I used the Sigma 18-250mm when preparing the article ‘Crop or Cram‘, partly to see how it held up in comparison to the 70-300mm SSM G and the Sigma 70-200mm f/2.8 HSM. Here’s one the shots from the Alpha 700, at 210mm and f/8, showing that good geometry is important even when straight lines are only incidental to the subject:
And here is one at full 250mm from the Alpha 380:
These have been processed with CA correction, the one aberration which the 18-250mm shows. It is not a strong CA colour fringe, and it is also very sharp, meaning that once you hit the right correction values using Adobe Camera Raw, Lightroom or any other CA-correcting process (including Photoshop>Distortion>Lens Correction filter) the effect disappears entirely leaving a sharp image. Clicking either shot will open a pBase option including a full size version and EXIF data. This is a direct URL for the full size 14.2 megapixel shot above:
I suggest you take a look at this regardless of bandwidth. It’s complimentary to the abilities of the new Alpha 380, and even more so to the sharpness of the Sigma. It’s an action shot and even at 1/1000th you can see the effects of motion blur, but if you know how to read image sharpness, it’s easy to tell from focus error or lens aberration. The Sigma 18-250mm has one quality which our Sony 18-250mm lacks, and that is dead-accurate focusing, no FF or BF on any of the bodies we have tested it on. This is just as well, as the view through the Alpha 380 finder is so small and becomes visibly dark as you zoom to 250mm. Manual focus would never be an option on this camera.
How about 18mm? Well, the good news is that the lens shows excellent geometry again, and of more note is the absence of mechanical vignetting to the corners. As owners of the Carl Zeiss 16-80mm, or the Sony 16-105mm, or the Sony 18-200mm and 18-250mm lenses will already know it’s not unusual for a dark corner to appear. Sometimes this is consistent, other times it seems to be a result of the SSS tracking the image to a darker place. I certainly know that I end up cropping the height of most shots on our 16-105mm taken at 16mm because the top right corner vignettes.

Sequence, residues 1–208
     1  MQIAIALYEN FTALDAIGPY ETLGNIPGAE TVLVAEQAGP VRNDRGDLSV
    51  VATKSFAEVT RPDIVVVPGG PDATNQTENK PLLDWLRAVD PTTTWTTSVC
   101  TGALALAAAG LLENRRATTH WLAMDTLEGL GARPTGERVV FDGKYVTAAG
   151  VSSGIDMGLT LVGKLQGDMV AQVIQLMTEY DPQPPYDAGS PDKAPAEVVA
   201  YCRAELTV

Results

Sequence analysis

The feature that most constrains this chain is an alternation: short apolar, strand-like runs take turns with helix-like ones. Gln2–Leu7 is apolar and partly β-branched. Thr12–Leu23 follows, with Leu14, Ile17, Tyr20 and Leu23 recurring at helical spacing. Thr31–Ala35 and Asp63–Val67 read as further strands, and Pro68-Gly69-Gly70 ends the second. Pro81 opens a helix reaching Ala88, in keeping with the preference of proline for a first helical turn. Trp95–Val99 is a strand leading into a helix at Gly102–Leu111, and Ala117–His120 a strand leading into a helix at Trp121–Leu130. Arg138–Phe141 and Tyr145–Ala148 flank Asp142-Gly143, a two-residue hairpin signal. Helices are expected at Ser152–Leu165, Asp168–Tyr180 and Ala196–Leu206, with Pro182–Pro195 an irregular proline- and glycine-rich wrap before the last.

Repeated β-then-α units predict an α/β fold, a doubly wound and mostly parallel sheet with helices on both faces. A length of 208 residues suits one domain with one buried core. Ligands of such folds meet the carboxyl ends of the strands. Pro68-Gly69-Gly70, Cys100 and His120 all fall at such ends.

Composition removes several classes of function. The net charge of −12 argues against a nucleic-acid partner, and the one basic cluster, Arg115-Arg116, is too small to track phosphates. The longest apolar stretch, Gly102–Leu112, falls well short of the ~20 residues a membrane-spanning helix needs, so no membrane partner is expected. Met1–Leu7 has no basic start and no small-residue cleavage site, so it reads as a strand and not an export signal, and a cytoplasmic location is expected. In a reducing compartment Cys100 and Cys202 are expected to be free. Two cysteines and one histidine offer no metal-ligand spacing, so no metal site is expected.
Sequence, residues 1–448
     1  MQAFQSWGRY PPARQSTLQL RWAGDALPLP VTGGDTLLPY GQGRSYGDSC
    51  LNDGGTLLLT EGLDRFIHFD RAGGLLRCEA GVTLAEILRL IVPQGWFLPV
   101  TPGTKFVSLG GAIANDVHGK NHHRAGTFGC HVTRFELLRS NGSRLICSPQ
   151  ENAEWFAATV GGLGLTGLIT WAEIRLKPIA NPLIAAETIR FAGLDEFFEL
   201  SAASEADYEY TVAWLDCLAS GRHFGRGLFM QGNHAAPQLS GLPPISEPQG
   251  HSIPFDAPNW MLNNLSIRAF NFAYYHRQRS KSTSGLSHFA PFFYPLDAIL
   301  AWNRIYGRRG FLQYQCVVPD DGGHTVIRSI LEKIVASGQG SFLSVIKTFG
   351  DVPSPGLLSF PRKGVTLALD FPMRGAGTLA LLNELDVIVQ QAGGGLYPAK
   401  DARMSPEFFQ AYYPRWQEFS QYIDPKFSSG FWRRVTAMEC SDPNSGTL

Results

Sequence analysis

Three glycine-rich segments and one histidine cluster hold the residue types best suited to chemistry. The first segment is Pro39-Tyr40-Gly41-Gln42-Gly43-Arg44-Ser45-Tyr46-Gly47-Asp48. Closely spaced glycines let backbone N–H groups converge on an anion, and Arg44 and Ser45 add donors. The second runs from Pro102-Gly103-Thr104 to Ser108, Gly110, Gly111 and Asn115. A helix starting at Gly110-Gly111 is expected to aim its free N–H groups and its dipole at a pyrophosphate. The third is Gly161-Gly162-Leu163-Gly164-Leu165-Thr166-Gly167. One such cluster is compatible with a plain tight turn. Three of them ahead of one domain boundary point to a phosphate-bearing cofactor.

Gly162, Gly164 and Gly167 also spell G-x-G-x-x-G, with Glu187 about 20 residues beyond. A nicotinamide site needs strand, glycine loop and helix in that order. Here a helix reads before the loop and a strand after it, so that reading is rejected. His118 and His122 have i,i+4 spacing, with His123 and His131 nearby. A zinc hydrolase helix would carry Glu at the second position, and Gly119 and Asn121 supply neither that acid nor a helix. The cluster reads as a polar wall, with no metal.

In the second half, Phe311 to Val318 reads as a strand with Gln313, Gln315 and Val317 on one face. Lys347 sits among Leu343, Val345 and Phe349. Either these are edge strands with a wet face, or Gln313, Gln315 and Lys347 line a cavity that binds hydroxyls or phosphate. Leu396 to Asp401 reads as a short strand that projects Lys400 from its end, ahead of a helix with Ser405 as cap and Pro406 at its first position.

The huge 72mm front glass of the Sigma, and its overall generous optical design, seem intended to remove vignetting – probably a necessity with the OS mechanism. The lens must have extra coverage to allow the moving element/group to do its work without losing resolution or brightness. Consequently, this lens (like the even bigger Canon 18-200mm f/3.5-5.6 IS design) has been made to a different standard than non-stabilised superzooms.
Here you can see 18mm on the Alpha 350. Some CA correction improved the shot, but this was just -18 Red/Cyan, compared to a typical value of -30 Red/Cyan needed by nearly all other lenses at 18mm. You can see the geometry – just a hint of barrel distortion, but not enough to make those flagpoles look wrong. Depth of field at f/11 is just right for the 14.2 megapixel resolution, without diffraction sharpness loss setting in as it does at f/16 and f/22.
Finally, a shot which is taken under all the wrong conditions. Wide open, 18mm, by natural light at 1/8th, hand held, with the photographer crouching on the top of a desk opposite the bookcase – a very unstable shooting position, ducking down to get the shot in below a chandelier and avoiding treading on my Mac wireless keyboard after hearing it crunch under my heel once… it took a few shots to get the focus right, the light level at ISO 320 on the A700 was fairly low, and the natural movement of the shooting stance meant firing very quickly after securing focus. Otherwise, as with many shooting postures, the camera could move two or three inches fore and back with just the stabilising movement of remaining balanced.
You can see that at close range, the 18mm barrel distortion is more visible – this is always the case, and a good reason why test charts should never be used to test distortion with wide-angles. Of course, the weight on those shelves is responsible for some of the curvature otherwise the distortion would be of a type never seen before in lenses. American Red Oak is a good choice for bookcases but after 20 years the shevles could do with reversing!
There is hardly any vignetting (the window light is more responsible for the brighter centre of the image, along with the coincidence of some lighter coloured book spines). I have not corrected CA in this image at all, and you can view the full size version by clicking the image for the pBase page, or directly here:
Considering the conditions of shooting, the OS has worked well and the lens shows good sharness corner to corner. Every book title is legible right down to the old copy of ‘The Family of Man’ lying flat on top of the centre bottom shelf.